The economy begins deleveraging. Forced to sell assets to make debt repayments, the market is flooded while spending is falling. Lowering interest rates can't prevent the downturn. Typically, interest rates are already low (and often hit 0%). This happened during the 1930s and in 2008 in the United States.


The difference between a recession and a deleveraging is that in a deleveraging, borrowers' debt burdens have simply become too big, and can't be relieved by lowering interest rates. Borrowers have lost the ability to repay and their collateral has lost value.

So how is deleveraging dealt with?

  1. Cutting spending to pay down debt. Often referred to as austerity. Unfortunately, this often means that incomes fall as well (since spending has fallen), and so this can increase the debt burden.
  2. Reducing debt (through defaulting). People default on their debts to banks, then banks default on the people who held money with them. This is a depression. Often debt restructuring occurs, whereby debt is repaid over a longer period of time, in a less amount, or at a different interest rate. This also causes income and asset values to decline.
  3. Lower income and less employment means the government collects less taxes. Simultaneously, it need to increase spending, because unemployment has risen (and often stimulus plans are needed). The government's budget deficit increases because the government is spending more than it earns via taxes.

  4. Redistributing wealth. Governments can raise taxes on the wealthy, who have retained some capital despite the downturn.
  5. Printing money. Most of what people thought was money was actually credit. So when credit disappears, people don't have enough money. Printing money is inflationary and stimulative. The government uses the printed money to buy financial assets, which helps drive up asset prices, making people more creditworthy. The central bank can also buy government bonds, which allows the government to increase spending on financial stimulus programs.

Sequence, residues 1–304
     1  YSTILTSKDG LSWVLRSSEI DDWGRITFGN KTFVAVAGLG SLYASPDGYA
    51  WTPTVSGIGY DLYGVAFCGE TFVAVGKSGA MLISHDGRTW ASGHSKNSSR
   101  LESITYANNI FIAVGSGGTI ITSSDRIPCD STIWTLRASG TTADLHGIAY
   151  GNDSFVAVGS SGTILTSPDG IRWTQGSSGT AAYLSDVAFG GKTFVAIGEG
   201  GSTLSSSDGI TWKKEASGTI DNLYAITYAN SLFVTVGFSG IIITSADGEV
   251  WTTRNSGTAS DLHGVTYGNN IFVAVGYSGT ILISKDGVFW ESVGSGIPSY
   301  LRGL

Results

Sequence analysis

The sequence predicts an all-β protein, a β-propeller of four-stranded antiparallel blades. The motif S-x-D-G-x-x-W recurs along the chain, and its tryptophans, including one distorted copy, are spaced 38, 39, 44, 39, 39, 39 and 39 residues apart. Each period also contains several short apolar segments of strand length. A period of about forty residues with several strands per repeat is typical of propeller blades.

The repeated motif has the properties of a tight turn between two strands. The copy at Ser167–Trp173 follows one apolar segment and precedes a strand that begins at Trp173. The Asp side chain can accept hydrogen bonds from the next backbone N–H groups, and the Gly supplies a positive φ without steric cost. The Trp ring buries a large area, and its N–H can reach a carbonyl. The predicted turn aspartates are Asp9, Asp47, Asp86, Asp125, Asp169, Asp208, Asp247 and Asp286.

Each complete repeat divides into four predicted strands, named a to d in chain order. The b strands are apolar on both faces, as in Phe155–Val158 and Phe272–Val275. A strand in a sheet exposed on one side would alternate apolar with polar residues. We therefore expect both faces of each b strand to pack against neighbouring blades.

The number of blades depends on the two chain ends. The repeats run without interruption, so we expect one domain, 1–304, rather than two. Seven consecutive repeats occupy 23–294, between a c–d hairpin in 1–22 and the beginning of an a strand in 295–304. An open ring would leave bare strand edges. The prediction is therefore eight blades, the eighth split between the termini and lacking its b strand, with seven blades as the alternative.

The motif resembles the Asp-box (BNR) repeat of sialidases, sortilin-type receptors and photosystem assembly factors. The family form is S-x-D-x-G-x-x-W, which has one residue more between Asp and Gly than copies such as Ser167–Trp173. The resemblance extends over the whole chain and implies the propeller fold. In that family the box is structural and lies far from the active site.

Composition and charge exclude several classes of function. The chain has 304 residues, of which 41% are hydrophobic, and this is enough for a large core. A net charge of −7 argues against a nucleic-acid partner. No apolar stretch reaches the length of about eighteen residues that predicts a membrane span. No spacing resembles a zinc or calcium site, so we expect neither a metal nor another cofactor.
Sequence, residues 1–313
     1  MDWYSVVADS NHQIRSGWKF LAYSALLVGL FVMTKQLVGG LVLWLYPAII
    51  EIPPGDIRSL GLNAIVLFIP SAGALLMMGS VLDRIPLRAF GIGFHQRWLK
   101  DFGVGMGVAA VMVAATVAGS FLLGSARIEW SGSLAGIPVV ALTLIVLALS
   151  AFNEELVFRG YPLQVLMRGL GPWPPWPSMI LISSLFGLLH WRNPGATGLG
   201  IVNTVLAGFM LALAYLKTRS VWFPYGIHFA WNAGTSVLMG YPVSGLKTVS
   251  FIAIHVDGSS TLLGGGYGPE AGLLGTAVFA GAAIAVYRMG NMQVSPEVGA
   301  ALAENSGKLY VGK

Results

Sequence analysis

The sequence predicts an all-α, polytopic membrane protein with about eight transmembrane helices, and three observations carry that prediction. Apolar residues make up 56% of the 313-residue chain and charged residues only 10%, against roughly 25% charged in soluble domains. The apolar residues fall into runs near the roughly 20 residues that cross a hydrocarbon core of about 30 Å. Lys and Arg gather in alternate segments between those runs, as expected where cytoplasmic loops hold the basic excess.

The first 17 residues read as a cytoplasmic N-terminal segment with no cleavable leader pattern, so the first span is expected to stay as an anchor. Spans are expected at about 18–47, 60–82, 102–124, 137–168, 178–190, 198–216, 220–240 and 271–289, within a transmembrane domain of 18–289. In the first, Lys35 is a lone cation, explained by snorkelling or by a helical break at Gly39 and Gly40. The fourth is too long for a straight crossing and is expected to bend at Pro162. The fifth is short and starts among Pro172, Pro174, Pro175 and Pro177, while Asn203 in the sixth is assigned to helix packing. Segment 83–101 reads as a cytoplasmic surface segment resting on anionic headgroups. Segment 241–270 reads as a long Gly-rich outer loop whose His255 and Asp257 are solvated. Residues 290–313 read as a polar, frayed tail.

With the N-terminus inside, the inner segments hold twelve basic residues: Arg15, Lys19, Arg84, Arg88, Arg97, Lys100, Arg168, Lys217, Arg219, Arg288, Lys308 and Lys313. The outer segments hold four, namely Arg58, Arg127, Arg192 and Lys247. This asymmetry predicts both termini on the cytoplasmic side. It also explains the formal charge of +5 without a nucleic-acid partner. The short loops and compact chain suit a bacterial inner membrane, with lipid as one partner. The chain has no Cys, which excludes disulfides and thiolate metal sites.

Deflationary deleveraging strategies need to balance with inflationary ones to maintain stability. In a good, or "beautiful deleveraging", debts decline relative to income, real economic growth is positive, and inflation isn't a problem.

Printing money does not necessarily increase inflation if it offsets falling credit. This is because it doesn't matter whether a good was paid for with money or with credit. By printing money, the central bank can make up for the disappearance of credit with an increase in money.

To escape the deleveraging period, income growth (via printing money) needs to exceed debt growth. But this is a careful balancing act. Too much printing results in hyperinflation, similar to what happened in Germany in the 1920s.


If balanced correctly, economic growth slows, but debt burdens begin to decrease. As incomes rise, borrowers appear more creditworthy, and reflationary period begins. Typically, depressions have lasted two to three years, and the reflationary period lasts seven to ten years. This is where get the term "lost decade".

Conclusions for policymakers

  1. Don't have debts rise faster than income, because the debts will eventually crush you.
  2. Don't have income rise faster than productivity, because you will eventually become uncompetitive.
  3. Do everything that you can to raise economic productivity, because that will raise the standard of living.